Aviation legislation - Certificate of Design:
During the construction, the manufacturer has to provide the C.A.A. with a Certificate of Design and also a Type Record for the aircraft. These should contain a summary of the design and include at least the following information:
a. A three-view, general arrangement drawing of the aircraft.
b. A list of the general arrangement drawings, including references to other drawings which, in association, completely define the design of the aircraft.
c. A summary of the basic aerodynamic data and other data used in the aircraft design.
d. A summary of the design assumptions and calculations.
e. A summary of the aircraft weight and centre of gravity details.
f. A list of reserve factors for ultimate load conditions at all parts of the aircraft structure.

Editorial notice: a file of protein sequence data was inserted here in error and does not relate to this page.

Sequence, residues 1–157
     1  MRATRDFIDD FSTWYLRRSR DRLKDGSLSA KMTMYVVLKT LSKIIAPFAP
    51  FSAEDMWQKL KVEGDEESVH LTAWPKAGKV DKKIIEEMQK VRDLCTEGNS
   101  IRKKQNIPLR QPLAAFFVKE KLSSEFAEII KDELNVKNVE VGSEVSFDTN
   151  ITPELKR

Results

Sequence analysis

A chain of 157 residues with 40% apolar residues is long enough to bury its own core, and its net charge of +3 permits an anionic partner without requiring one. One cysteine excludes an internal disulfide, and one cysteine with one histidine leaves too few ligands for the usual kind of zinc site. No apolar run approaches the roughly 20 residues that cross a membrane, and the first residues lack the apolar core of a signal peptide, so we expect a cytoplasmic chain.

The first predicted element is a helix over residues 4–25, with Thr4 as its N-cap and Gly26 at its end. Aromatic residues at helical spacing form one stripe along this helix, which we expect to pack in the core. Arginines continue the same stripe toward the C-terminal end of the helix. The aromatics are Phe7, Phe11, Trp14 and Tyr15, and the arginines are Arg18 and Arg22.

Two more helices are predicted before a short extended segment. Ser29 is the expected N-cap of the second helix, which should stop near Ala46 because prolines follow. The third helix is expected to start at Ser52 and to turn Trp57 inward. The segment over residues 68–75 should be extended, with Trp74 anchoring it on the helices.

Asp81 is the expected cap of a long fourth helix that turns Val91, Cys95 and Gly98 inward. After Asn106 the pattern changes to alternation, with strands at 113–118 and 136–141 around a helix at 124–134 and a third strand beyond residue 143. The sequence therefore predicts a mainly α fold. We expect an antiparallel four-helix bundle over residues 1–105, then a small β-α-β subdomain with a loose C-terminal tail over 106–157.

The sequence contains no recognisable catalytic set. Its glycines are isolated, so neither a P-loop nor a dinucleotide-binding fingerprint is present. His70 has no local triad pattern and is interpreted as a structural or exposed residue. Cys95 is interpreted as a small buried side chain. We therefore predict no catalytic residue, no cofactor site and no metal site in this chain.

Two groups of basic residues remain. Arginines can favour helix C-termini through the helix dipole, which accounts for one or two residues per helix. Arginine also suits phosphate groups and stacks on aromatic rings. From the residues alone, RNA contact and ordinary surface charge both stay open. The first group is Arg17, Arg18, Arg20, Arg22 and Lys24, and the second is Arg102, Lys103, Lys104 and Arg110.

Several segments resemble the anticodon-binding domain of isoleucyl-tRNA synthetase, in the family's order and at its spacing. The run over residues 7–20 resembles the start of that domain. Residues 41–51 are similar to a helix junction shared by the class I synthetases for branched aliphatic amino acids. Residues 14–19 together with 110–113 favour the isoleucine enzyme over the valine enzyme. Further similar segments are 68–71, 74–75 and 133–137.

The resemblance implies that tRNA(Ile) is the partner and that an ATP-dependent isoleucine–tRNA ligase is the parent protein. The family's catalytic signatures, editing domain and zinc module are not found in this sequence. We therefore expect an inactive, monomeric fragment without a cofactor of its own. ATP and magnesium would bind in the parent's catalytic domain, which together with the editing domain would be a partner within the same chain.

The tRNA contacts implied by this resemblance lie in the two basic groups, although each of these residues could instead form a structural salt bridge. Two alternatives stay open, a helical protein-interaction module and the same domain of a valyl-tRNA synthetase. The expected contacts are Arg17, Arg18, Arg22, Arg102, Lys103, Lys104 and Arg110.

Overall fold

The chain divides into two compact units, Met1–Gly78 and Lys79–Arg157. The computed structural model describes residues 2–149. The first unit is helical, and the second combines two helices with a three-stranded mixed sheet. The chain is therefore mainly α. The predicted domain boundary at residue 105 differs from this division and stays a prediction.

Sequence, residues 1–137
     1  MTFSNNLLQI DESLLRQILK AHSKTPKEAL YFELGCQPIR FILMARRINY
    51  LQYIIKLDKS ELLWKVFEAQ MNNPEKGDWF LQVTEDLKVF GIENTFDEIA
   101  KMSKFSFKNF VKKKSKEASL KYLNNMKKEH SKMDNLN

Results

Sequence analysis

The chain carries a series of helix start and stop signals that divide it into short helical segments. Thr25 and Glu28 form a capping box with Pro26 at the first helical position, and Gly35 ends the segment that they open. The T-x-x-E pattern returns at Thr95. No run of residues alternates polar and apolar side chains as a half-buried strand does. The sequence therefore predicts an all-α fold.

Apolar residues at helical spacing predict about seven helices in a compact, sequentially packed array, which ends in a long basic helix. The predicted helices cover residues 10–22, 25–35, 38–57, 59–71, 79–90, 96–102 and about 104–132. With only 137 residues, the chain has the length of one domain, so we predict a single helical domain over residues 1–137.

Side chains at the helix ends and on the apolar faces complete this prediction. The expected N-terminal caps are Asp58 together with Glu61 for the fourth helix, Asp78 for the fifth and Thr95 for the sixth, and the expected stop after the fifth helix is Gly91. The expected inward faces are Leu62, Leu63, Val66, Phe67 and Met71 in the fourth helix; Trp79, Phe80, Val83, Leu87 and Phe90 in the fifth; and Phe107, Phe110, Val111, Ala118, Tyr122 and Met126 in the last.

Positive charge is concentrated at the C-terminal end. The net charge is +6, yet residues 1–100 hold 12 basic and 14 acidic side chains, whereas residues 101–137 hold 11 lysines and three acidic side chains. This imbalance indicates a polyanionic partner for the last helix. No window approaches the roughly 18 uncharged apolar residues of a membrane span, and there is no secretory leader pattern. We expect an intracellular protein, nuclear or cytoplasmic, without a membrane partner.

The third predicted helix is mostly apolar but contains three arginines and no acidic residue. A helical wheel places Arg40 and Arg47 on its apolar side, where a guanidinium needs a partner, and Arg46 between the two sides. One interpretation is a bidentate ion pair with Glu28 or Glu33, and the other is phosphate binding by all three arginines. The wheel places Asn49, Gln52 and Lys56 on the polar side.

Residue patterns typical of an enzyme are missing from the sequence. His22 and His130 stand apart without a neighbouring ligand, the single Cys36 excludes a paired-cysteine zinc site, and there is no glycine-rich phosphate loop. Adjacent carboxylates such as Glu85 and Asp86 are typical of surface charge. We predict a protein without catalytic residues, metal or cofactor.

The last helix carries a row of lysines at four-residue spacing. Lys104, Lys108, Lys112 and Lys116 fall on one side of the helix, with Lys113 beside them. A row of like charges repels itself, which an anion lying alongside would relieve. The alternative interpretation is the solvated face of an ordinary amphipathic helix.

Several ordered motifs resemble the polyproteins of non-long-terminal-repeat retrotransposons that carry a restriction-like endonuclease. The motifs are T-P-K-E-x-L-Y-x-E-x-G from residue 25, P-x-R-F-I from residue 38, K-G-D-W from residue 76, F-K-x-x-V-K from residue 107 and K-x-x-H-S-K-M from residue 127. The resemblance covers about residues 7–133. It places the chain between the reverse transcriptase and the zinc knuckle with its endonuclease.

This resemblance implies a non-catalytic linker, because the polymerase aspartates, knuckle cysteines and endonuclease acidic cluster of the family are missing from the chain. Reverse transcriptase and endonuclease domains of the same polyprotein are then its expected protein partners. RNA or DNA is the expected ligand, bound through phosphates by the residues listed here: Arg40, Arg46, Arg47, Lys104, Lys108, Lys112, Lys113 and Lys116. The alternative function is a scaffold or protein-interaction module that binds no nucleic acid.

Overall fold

g. Copies of reports giving the particulars and results of airworthiness acceptance air tests.
h. Particulars of any variations from the C.A.A. or JAR requirements, as have been authorised with respect to the aircraft design, giving the reference number of the written authority from the C.A.A.
i. Copies of subsidiary type records and Declarations of Design and Performance relating to the aircraft components and equipment.
The size of the aircraft and the purpose for which it is being designed has a significant effect on the form that the certification may take and, in some cases, the frequency of renewal of the Certificate of Airworthiness. For example, aircraft are sub-divided into five categories, shown overleaf, which are dependent on the use to which the aircraft is to be put